Fluid From Glands On Mothers’ Breast Attract Babies To Suckle

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We adults can often smell our favorite foods from a distance, especially when we are hungry. We take pride of that ability of ours. But it is time for us to accept that we adults are not only being, who have that ability so smell their fav food. A recent study has proved that babies when hungry can sense their mothers’ breast milk.

According to that study a kind of fluid that comes out from little glands on mothers’ breast drives hungry babies crazy. Once a hungry baby sniffs the fluid he or she finds himself or herself out of control. These glands remain as tiny lumps surrounding the nipple on breast. During pregnancy the number of these glands increases and starts to drip liquid. It is a biological function of these glands to lubricate the skin of breast, more specifically the skin surrounding nipples, by discharging liquid. The new study has found that the formerly stated function is not the only function of these glands. They also help to enhance babies’ appetite.

Newborn babies, who get fed from their mother quickly, put on more weight than babies, who do not receive their mothers’ breast milk. According to the recent study the aroma of the fluid can attract pre – mature tube fed babies to breast feeding and help these babies to learn to drink milk from their mothers’ breast and gradually make them natural to feed from breast.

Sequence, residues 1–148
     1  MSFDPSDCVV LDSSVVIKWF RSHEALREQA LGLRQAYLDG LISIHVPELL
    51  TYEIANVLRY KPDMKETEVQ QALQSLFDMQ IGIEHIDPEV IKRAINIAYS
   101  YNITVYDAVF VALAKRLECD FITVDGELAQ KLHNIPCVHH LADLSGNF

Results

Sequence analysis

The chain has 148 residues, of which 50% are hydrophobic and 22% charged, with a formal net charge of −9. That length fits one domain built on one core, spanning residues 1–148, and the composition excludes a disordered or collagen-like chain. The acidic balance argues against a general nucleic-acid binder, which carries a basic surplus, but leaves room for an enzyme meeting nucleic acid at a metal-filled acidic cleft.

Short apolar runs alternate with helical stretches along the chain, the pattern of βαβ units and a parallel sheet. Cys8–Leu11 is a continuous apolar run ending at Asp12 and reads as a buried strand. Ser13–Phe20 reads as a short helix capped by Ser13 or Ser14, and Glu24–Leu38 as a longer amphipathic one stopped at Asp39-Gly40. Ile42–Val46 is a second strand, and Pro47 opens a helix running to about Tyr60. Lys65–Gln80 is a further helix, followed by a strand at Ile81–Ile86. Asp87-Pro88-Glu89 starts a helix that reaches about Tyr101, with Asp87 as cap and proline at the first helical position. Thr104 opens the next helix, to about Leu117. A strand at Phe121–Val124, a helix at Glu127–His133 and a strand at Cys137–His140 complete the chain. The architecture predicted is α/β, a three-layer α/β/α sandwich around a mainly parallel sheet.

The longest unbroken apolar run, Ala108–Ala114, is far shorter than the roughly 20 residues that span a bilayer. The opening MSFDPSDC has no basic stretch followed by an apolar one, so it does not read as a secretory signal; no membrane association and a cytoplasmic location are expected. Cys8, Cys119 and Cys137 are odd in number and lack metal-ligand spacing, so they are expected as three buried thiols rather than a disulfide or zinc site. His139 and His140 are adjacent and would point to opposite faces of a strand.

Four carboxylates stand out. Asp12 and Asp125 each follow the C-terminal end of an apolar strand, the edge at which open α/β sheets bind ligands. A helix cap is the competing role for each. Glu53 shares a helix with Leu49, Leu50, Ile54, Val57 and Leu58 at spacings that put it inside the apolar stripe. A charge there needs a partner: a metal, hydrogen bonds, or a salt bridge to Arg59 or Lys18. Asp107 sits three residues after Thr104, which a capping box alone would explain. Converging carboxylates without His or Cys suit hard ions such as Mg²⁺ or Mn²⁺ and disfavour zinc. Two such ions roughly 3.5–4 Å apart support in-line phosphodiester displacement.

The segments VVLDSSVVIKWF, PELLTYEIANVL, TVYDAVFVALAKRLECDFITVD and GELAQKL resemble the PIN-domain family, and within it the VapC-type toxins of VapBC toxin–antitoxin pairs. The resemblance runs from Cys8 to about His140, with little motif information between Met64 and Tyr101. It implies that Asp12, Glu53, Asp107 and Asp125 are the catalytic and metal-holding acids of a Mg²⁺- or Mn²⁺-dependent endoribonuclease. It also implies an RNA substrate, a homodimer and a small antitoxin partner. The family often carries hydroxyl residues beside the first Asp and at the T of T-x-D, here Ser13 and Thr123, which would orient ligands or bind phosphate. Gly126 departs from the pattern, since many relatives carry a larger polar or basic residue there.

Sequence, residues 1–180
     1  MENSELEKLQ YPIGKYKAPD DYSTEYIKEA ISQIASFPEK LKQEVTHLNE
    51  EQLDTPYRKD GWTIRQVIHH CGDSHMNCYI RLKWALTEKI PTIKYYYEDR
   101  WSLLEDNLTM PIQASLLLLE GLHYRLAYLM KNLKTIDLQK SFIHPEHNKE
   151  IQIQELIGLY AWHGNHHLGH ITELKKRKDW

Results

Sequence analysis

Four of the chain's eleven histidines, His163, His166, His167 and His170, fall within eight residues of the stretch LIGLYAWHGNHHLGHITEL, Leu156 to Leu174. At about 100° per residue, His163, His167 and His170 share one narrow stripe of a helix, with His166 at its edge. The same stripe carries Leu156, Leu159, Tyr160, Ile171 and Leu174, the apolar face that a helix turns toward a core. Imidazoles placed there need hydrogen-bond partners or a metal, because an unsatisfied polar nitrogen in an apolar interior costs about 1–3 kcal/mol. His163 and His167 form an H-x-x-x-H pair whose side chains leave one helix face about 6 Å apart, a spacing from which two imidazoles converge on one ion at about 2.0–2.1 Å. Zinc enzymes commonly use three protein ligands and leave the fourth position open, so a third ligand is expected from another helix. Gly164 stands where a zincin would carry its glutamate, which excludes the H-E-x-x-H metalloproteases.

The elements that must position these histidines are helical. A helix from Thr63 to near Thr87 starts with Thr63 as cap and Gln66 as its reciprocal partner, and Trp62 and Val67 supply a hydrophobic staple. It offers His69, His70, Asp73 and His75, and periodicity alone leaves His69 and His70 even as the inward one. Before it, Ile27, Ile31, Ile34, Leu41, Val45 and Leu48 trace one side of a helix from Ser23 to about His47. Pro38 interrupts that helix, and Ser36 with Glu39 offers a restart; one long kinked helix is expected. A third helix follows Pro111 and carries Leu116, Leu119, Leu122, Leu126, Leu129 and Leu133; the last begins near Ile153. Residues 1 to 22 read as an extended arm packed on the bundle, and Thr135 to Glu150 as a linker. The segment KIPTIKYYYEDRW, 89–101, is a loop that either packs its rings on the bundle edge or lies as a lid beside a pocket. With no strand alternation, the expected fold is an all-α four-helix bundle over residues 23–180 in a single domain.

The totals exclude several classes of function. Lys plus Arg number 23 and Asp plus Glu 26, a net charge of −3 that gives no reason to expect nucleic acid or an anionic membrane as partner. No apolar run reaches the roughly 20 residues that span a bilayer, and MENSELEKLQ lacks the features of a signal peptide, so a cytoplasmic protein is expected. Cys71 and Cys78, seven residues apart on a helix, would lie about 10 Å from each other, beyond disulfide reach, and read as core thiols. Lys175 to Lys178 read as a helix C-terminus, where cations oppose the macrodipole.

National Centre for Scientific Research in Dijon has run a survey among 121 mothers in the first three days after they gave birth to their babies. The survey recorded the number of glands on these mothers’ breasts. They found that mothers, who had more than nine glands on each of their breasts, attracted their babies to suckle milk from their breasts than other mothers. They even were able to produce more milk than other mothers who have less than nine glands on per breast.